Proteins that Won’t Break the Bank

Protein is a necessary nutrient for building and repairing the body. For a healthy, balanced enteral nutrition regimen, each meal should consist of a source of protein to keep you going! Getting the proper amounts of protein can be difficult, especially when on a budget. This list is full of high-quality protein options that blend well and can save you some money! We’ve also included some tips on blending each of them to make life easier!

Cooked Eggs

Eggs can have between 5-8 g of high-quality protein per egg and contain different vitamins and minerals that are required for the body. The price of eggs can range based on where they are from, grown, and sold, but it is very common to see a dozen eggs at less than $2.

Blending Tip: Make sure the egg is fully cooked before blending. I prefer hard boiled eggs because I can cook a dozen in advance and use them as needed.

Canned Tuna

Tuna is not only a good source of protein, but it also contains other nutrients such as omega-3 fatty acids and vitamin D. These nutrients are good for brain health, inflammation and even your immune system! You can get canned tuna at almost any grocery store and when bought in bulk can be less than a dollar per can. Three ounces of tuna contains about 22 grams of protein.

Blending Tip: Drain all of the fluid and pat the tuna dry to minimize the fish smell. You can get other canned fish such as salmon that are also good sources of protein.

Soft Tofu

Tofu is a good source of plant protein and contains all essential amino acids. It takes on the flavor of other ingredients so it can be added to most recipes. This is a good choice for those who are vegan or vegetarian! One pack of tofu costs about $3 or less and can be found at most grocery stores.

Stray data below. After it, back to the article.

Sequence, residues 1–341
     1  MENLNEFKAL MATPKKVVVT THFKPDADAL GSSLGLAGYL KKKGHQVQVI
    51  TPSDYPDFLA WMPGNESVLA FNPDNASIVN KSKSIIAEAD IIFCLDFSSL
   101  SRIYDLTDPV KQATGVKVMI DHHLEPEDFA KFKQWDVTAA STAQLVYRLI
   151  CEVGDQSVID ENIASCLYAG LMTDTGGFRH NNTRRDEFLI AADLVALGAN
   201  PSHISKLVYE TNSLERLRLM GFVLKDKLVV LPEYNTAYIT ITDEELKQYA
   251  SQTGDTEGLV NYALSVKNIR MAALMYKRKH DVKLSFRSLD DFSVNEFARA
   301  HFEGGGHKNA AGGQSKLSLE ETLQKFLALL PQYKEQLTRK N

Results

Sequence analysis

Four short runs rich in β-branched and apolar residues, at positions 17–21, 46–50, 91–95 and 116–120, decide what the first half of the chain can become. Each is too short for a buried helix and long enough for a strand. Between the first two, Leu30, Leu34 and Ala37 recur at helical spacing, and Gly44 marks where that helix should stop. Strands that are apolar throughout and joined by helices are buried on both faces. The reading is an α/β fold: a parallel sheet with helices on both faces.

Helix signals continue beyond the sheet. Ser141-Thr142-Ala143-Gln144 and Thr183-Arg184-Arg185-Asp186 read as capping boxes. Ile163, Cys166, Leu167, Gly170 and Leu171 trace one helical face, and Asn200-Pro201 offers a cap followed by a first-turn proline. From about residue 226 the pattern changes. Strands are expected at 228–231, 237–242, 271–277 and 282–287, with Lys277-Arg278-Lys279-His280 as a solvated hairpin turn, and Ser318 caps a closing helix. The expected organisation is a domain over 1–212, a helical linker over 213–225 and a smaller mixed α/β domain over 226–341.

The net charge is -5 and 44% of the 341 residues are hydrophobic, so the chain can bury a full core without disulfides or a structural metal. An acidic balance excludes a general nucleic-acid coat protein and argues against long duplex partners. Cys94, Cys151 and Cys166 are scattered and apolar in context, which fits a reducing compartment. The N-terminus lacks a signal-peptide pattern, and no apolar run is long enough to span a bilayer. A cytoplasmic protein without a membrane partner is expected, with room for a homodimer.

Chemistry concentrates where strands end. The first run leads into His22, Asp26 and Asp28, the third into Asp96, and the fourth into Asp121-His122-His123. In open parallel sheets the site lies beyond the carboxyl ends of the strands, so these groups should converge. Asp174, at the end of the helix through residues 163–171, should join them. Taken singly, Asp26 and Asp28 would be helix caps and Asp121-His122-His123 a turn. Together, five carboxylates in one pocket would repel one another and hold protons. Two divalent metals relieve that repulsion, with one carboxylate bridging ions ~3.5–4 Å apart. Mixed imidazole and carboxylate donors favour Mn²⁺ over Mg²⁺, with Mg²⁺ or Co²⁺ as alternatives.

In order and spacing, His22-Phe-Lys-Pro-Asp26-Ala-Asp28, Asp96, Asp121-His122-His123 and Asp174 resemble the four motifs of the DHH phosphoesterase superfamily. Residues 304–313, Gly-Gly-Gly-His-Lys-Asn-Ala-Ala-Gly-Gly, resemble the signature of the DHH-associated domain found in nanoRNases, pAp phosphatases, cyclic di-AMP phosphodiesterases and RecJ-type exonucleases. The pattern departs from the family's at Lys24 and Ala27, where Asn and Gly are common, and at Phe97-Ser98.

Blending Tip: Make sure to buy soft/silken (not firm) tofu for the best results when blending. You can also save time with this one since you don’t have to cook the tofu.

Garbanzo beans

These are another great source of plant-based protein! They are rich in other vitamins and minerals giving a variety of other health benefits. Their nutty flavor makes it easily pairable with other ingredients. You can normally find a can of garbanzo beans (or chickpeas) for less than a dollar at your local grocery store. Other beans are a good source of inexpensive protein as well such as black and pinto beans.

Blending Tip: For dried bean, add a small amount of backing soda to the water that you let the beans soak in. This will increase their sodium content but also makes the skin softer and easier to blend.


This classic source of protein is great to use in your blenderized meals! One normal sized chicken breast can be about 54g of protein. It can be found at your local grocery store, with prices varying per region. It’s neutral flavor pairs well with many ingredients.

Blending Tip: Avoid overcooking the chicken. Try to cook the chicken in a way to that preserves its moisture, like steaming, boiling, or braising. For those home economics nerds, such as myself, meats blend best with moist heat cooking methods.


If would would like to work with a Registered Dietitian to get started blending you own tube feeds, or if you just have room for improvement with your current blends, contact me today to set up an appointment.

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